PREVIEW: NT Live: The Lehman Trilogy

Catch a one-night only broadcast of National Theater Live’s Lehman Brothers Trilogy this Sunday, October 13th at 7 pm at the Michigan Theater! Detailing 164 years of American capitalism amounting to the 2008 market crash using only three actors, Italian playwright Stefano Massini’s work is sure to not only be a thought-provoking performance, but an impressive one at that.

Take a break from studying this weekend, find tickets online at https://www.michtheater.org/show/nt-live-the-lehman-trilogy/ , and come out to see some great theatre!

PREVIEW: Out There: A Performance by art duo Princess

I’m always one for expanding my horizons, especially when it comes to the arts. I have no idea what to expect for this one! Part performance art, part film, Out There approaches a serious subject (mens’ role in combatting misogyny in society) with creativity. Described as having a “science fiction narrative,” the performance is a collaboration by JD Samson, visual artist Jennifer Meridian, and the band TEEN.

The event has free admission, though there is a limit to how many people can occupy the performance room. So, please RSVP via https://www.eventbrite.com/e/out-there-a-performance-by-art-duo-princess-tickets-70631796605.

See you Friday, October 11 at 5 PM at the Stamps Gallery, 201 S Division St!

 

 

 

REVIEW: NT Live: Fleabag

Having never seen the show before, I walked into the Michigan Theater with only the high praise of my friends who have seen Fleabag. However, I liked what I’ve heard and NT Live never disappoints, and they certainly didn’t this time. 

Phoebe Waller-Bridge manages to insert her humor into the serious, her jokes masking her depression, her sex covering her deeper, underlying problems, seamlessly weaving all of these factors together in her one-woman play. The show starts with Fleabag going into a job interview. Waller-Bridge navigates time in a manner that may be confusing to begin with, especially with it being a one-person show, but she effectively uses flashbacks to provide context for why she did something or how she met someone or why she had a certain type of relationship with someone. In the end, the last scene is her back in the job interview, and Waller-Bridge does such an amazing job captivating the audience into her story and each scene that you forget the entire narrative was to explain why she needed a job so badly.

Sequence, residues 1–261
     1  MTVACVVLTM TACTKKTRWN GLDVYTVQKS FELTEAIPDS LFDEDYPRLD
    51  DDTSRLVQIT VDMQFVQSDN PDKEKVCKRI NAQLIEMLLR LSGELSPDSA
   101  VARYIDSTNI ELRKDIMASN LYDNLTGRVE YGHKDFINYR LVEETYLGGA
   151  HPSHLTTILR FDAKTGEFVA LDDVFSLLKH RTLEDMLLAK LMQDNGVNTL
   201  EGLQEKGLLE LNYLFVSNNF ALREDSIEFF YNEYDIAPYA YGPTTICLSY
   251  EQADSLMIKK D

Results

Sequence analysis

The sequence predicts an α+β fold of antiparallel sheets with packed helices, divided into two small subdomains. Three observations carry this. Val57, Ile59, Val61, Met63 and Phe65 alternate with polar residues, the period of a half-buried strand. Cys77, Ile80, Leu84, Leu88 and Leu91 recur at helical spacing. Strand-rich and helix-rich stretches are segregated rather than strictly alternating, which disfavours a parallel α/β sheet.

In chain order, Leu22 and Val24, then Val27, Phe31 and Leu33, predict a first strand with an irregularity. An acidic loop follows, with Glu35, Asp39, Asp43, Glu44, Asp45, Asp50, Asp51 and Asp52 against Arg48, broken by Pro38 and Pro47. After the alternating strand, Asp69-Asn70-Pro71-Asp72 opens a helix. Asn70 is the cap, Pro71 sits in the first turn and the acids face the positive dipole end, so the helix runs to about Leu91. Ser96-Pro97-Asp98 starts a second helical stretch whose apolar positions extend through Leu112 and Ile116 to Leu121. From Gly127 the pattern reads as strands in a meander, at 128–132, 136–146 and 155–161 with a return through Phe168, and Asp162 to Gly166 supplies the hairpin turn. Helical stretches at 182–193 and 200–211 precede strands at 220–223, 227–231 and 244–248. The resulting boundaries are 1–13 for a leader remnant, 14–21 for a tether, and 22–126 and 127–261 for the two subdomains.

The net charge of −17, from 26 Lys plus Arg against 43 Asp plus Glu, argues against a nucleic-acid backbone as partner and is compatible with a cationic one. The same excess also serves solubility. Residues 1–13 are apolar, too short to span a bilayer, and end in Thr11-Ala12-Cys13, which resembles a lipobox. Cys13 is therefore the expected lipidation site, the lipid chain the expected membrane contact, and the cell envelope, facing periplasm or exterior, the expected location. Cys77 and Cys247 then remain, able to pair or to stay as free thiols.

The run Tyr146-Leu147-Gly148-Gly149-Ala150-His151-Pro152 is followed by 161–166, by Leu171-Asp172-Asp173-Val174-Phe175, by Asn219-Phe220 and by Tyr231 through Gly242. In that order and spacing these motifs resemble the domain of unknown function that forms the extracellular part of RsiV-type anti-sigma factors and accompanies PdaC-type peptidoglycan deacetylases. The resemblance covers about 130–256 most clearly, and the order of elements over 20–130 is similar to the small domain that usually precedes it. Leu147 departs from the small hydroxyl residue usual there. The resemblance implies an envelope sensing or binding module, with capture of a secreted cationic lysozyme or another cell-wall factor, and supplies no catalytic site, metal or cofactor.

She manages to jump from persona to persona with ease, each character with their own distinctive facial expressions, mannerisms, and voice. The guy with a small mouth, kindly referred to as Bus Rodent rodent, elicited much laughter every time she managed to transform her face. She also portrayed her relationship with her sister well, capturing the reserved and uptight personality that contrasts her own free spirit. 

The main tension in this show, aside from her own internal struggles and insecurities,  surrounds her best friend Boo, who recently passed away. Waller-Bridge balances the emotions Fleabag feels as she starts to spiral with humor and levity, much of which involves her sexual coping mechanisms. As she deals with her demons, Fleabag reveals much about human pain and how you can find light even in the darkest times.

If you missed NT Live: Fleabag last week, don’t worry—there’s a special encore performance at the Michigan Theater tonight! 

PREVIEW: NT Live: Fleabag

You may have heard of the BBC hit TV show “Fleabag”, which won big at the Emmys. Now’s your chance to see the inspiration for the show. NT Live: Fleabag is the original one-woman play written and performed by Phoebe Waller-Bridge. Showing at the Michigan Theater this Thursday, September 26 at 7:30 PM, you won’t regret these 67 minutes. Student tickets are $16 and can be purchased at https://www.michtheater.org/show/nt-live-fleabag/.